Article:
July 06, 2020
Launched in 1975, the CZ 75 was among the first double-action (DA) and single-action (SA) semiautomatic 9mm pistols with double-stack capacity, a category of pistol created by John Browning’s 13-plus-one-capacity P.35 Hi-Power 9mm. The Hi-Power was discontinued in 2017 after 82 years in production.
The 15-plus-one CZ 75 remains, and the year 2020 marks its 45th anniversary. Even in 1975, the CZ 75 had a 15-plus-one capacity, but today it can offer up to 19-plus-one rounds to challenge more recent introductions.
CZ-USA continues to design variations of the CZ 75, a pistol possessing a signature low-bore axis that’s become a sought-after quality. Although it could be used in DA or SA modes, the CZ 75 could also be carried with the hammer cocked and locked, safety lever pushed up to engage. In days when the best shooters carried or competed with a Model 1911, the CZ 75 was on its was to becoming the solid rival it is today.
Sights on Competition
Until July 1, 1991, when Czech President Vaclav Havel formally ended the 1955 Warsaw Pact with the former Soviet Union, the CZ 75’s popularity in the West was limited. The following year, International Practical Shooting Confederation (IPSC) competitions became an overnight sensation. In 1992, the CZ factory team was also formed. In addition to the development of the CZ 75 platform for use by militaries and law enforcement (LE), CZ had to meet a growing interest in the gun as a competition pistol destined for U.S. shooters.
Fast forward to 2003 when NATO approved the compact CZ 75 P-01, the first CZ 75 variant made by modern manufacturing. CZ was about to earn more interest from the American shooting public. The full-size SP-01, introduced in ’04, sported an extended beavertail to protect the shooter’s hand and allow for a deeper and more secure grip.
Though originally developed as affordable military and LE duty pistols, the P-01 and SP-01 found a fan base when the United States Practical Shooting Association (USPSA) introduced a Production Division specifically for factory pistols that were not single-action designs. At the 2005 IPSC championship, World Shoot XIV, Adam Tyc and my cantankerous friend Angus Hobdell placed 1st and 3rd respectively while shooting the new SP-01.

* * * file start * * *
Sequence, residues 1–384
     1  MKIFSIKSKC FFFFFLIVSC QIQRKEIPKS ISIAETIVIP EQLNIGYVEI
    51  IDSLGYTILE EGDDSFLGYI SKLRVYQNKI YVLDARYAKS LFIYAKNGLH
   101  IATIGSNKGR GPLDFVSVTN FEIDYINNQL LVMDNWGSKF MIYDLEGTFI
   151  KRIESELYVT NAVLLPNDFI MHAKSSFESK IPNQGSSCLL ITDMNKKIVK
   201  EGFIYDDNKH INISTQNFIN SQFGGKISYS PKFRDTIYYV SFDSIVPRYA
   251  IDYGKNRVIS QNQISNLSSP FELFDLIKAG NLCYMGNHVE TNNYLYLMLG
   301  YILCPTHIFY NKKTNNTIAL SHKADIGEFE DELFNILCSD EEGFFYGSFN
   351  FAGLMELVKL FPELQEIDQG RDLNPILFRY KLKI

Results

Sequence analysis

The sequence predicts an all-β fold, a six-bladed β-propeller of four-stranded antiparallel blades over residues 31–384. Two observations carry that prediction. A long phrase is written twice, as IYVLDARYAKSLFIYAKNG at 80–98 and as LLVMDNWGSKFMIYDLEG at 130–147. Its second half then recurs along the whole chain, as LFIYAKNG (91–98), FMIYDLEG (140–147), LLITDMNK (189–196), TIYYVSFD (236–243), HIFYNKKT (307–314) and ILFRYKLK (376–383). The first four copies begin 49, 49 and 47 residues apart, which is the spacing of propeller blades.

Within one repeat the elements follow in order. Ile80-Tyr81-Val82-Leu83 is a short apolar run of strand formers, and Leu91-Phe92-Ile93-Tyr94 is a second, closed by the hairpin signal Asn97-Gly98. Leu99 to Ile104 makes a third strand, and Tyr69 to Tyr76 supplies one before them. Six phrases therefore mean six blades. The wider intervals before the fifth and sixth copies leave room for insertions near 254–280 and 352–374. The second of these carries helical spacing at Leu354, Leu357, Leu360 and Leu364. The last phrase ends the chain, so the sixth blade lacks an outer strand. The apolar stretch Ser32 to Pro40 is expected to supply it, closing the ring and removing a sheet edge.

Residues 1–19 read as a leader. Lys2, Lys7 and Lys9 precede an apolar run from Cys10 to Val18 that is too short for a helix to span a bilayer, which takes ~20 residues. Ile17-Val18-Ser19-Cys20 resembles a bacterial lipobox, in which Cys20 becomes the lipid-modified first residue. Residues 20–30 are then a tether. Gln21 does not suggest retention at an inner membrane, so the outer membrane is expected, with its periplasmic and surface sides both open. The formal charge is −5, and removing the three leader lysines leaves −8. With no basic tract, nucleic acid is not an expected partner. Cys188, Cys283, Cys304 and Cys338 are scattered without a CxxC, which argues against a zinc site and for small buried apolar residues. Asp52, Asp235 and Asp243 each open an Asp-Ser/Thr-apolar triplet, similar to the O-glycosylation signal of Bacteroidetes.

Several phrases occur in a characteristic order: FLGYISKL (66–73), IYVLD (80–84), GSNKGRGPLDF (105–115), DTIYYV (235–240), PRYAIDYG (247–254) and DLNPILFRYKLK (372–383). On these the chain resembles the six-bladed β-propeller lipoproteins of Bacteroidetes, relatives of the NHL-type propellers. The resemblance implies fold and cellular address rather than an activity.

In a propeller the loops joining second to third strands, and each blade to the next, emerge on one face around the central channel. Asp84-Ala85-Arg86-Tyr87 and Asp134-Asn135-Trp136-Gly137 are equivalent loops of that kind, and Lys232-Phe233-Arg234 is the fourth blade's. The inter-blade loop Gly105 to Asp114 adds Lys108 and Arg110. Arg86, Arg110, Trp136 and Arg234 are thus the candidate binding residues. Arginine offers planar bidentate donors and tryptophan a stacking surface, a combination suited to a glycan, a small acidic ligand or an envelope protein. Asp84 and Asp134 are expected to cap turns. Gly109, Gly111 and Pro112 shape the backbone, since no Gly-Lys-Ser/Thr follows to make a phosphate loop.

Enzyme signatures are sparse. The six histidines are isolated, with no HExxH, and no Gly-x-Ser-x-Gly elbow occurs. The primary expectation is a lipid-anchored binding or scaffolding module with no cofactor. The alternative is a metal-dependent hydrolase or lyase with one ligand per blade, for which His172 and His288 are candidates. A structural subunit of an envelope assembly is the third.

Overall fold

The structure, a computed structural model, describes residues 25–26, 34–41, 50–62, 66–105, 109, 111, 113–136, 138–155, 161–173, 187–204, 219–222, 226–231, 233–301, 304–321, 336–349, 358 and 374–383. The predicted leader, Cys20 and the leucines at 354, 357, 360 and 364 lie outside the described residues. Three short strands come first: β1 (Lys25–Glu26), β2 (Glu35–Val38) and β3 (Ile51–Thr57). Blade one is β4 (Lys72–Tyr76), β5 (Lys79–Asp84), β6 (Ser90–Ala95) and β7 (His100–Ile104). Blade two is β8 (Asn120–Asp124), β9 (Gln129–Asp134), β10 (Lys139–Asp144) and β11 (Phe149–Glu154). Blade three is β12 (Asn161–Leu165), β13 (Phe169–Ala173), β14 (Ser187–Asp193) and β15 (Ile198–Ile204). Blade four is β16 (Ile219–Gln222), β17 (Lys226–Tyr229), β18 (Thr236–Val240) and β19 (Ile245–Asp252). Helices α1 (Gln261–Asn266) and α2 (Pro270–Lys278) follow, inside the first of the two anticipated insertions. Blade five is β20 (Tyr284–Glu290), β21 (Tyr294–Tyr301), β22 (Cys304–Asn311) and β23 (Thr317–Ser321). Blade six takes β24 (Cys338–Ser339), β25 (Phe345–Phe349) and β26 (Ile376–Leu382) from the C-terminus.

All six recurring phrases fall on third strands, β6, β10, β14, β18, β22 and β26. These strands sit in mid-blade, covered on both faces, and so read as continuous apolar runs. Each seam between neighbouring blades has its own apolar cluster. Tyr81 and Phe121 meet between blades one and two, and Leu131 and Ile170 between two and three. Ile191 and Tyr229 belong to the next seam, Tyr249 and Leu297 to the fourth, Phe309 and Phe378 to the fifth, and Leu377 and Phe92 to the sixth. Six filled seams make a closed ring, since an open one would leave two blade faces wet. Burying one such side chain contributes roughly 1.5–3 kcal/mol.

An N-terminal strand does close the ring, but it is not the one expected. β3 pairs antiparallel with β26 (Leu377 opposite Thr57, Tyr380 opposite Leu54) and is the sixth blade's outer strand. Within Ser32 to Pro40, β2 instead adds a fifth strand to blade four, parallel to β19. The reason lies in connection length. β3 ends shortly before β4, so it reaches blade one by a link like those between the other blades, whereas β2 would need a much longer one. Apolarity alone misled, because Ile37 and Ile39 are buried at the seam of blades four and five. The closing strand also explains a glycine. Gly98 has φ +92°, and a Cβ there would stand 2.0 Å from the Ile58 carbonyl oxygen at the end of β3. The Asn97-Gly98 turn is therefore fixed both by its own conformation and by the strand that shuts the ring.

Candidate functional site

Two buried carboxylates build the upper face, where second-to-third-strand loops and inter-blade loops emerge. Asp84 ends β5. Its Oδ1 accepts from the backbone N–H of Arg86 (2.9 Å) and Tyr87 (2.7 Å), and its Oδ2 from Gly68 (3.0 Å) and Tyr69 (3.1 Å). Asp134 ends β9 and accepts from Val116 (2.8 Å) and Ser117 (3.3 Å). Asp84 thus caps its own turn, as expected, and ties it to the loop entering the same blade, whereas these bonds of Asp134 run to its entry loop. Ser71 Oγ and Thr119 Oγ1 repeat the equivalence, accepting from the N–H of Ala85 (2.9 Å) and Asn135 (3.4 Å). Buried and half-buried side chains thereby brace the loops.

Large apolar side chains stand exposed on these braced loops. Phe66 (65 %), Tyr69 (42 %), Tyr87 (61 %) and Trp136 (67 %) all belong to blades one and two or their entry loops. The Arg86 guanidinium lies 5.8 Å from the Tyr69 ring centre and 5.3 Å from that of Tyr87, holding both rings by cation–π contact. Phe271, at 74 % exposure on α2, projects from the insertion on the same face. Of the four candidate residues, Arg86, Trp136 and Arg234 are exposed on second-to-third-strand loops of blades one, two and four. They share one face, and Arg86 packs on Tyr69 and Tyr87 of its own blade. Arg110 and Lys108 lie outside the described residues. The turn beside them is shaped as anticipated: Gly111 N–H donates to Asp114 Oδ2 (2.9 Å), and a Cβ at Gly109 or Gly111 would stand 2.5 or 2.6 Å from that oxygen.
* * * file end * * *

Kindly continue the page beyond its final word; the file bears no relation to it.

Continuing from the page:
The original SP-01 morphed into the SP-01 Shadow and featured the removal of the firing pin block, a reshaped grip and safety, a lighter recoil spring, and an improved trigger. In 2016, the Shadow 2 was introduced with additional input from Tyc and Hobdell. Tuned for competition, it added a longer slide and barrel with aggressive serrations, factory trigger job, heavier frame with improved checkering, and a small fiber optic sight.
The Shadow 2 quickly became a go-to gun for competitors in Production Division, but a new division was in the works: Carry Optics. First introduced provisionally in the US in 2015, by the time the Shadow 2 came onto the scene it just missed the weight limit for the fledgling U.S. division by 11/2 ounces. CZ competitors found creative ways to cut Shadow 2s for an optic sight while at the same time eliminating weight in discreet places to come just under the limit. No optic-ready option was available from CZ that could be used in competition.
New for 2020
The new year brought a number of changes, both to USPSA’s Carry Optics division and CZ’s Shadow 2 line. With the division’s higher weight limit of 59 ounces, the newly-debuted Shadow 2 Optics Ready (OR) is poised to be a contender. Previously available in other world markets, but not in the U.S., CZ-USA’s Marketing Manager Zach Hein said, “This change allows the factory Shadow 2 OR to be used in competition here, so we’re happy to import it. CZ-USA had waited in hopes that either the factory could lighten it to meet the rules, or that the rules would change to allow more firearms to compete in this division.”
I am not a USPSA competitor, so this and the plethora of other USPSA rule changes do not affect me, but it does help explain why CZs and Shadow 2s have been so hard to find in the States. Hein added, “When I started working for CZ-USA in 2012, all CZ 75 variants were heavily backordered. SP-01s were backordered 18-plus months, and it was the same with the compact-sized P-01 and PCR, or ‘Police Czech Republic’ pistols. Once folks get to shoot one, they realize what we’ve had going with the CZ 75 for the last 45 years.”